Additionally, CLA hosted multiple informational workshops over the past year to educate community members about TPS and other pertinent issues. We look forward to continuing these educational events so that the community can have up-to-date information about their current and future legal statuses, now and beyond January 2020.
ice's presence on Long Island
Over the past year, revelations of ICE on Long Island came to fruition through a series of events involving their presence and influence in public high schools and the East Meadow jail. According to the New York Civil Liberties Union (NYCLU), who has been fronting much of the research on this phenomenon, a student’s school district can sometimes facilitate a deportation: “Some [school] districts have even made flimsy allegations of gang involvement to local police that have ensnared students in the Trump administration’s deportation dragnet.”
Throughout the month of January, the topic gained significant press due to a rebuke from President Trump against Nassau County Executive Laura Curran, when she ordered that a trailer housing ICE agents be removed from the East Meadow jail. After a political back and forth--which involved a nonsensical proposal to move the ICE trailer to the Nassau University Medical Center--the trailer found itself back at the jail, in part thanks to CLA and other local organizations that rallied against its placement on a hospital campus. On January 24, CLA joined NYCLU and other local organizations in holding a press conference regarding the ICE trailer at the Nassau County Legislature. CLA’s Attorney-In-Charge, Keiko Cervantes-Ospina, addressed the press. She condemned the presence of an ICE trailer at the Nassau University Medical Center and responded to questions from the press afterward.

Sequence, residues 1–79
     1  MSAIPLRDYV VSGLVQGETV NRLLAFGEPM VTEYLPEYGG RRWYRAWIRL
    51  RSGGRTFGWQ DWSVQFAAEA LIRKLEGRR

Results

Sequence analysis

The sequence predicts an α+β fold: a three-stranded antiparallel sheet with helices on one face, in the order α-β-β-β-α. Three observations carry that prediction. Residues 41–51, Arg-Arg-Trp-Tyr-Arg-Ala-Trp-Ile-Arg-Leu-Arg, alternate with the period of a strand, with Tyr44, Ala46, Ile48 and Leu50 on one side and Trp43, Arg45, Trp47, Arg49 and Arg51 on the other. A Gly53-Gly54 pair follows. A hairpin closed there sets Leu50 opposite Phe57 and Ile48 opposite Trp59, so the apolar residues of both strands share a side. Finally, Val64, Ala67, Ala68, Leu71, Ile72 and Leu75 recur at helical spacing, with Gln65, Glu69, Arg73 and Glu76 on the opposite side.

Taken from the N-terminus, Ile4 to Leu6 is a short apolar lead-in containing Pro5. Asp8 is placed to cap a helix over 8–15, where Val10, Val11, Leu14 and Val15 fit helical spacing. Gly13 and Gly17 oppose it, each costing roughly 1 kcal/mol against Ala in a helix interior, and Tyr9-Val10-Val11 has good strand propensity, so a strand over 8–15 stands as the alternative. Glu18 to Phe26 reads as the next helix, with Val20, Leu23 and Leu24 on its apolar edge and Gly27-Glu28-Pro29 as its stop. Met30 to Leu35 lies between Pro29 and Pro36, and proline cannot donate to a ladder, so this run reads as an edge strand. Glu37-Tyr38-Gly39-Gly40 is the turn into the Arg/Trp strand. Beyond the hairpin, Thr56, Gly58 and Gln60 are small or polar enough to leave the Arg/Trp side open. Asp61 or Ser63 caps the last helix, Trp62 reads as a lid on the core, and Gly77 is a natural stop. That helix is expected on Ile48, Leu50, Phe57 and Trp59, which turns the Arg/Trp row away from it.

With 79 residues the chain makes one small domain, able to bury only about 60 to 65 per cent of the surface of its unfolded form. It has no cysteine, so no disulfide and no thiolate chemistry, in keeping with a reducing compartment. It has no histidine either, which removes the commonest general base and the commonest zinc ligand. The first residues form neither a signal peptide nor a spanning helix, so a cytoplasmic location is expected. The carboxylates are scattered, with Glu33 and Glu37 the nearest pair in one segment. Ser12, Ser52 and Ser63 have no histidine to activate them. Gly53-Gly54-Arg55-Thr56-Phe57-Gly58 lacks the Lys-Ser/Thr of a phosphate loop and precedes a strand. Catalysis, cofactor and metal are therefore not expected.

CLA’s advocacy, along with our #VacateICE campaign, helped to ensure that the ICE trailer remained away from the hospital. Moreover, we strongly believe that such a trailer should not exist in Nassau County facilities, period. It is not Nassau County’s (or New York City’s, or New York State’s) job to coordinate with ICE and carry out their bidding.
Earlier in 2018, the Trump Administration proposed a new rule that may impact a legal immigrant’s ability to renew their legal status or apply for lawful residency. The rule change would be based on a legal immigrant’s use of government-provided services like Medicaid, Section 8 Housing subsidies and the Supplemental Nutrition Assistance Program (SNAP), among other things. Although the proposed change has not yet gone into effect, the ramifications for such a change have already taken hold: not only have application rates for U.S. Visas gone down, but there’s evidence suggesting that fewer immigrants are applying for public benefits due to the fear of being considered a “public charge” and being denied a Visa or lawful status in the future.
CLA unequivocally opposes the proposal to change this rule and expand the definition of public charge. The proposal targets immigrant communities and discourages people from seeking out the resources they need to lead a healthy life.
In December 2018, CLA submitted an online comment to US Citizenship and Immigration Services’s (USCIS’s) public forum regarding the proposed rule change. The public forum was open for 60 days. By law, USCIS is required to review every single comment that is submitted on the forum. In total, over 260,000 comments were submitted, including CLA’s, which expressed our negative view of the proposal to change the public charge rule.
CLA has also held and participated in multiple educational workshops designed to teach the public about the proposed public charge rule. There was, and still is, much confusion surrounding the issue and its potentially drastic implications.
To reiterate: the public charge proposal has not yet taken effect. CLA vehemently opposes the rule change, now and when it was first proposed.
Increased Funding for Legal Services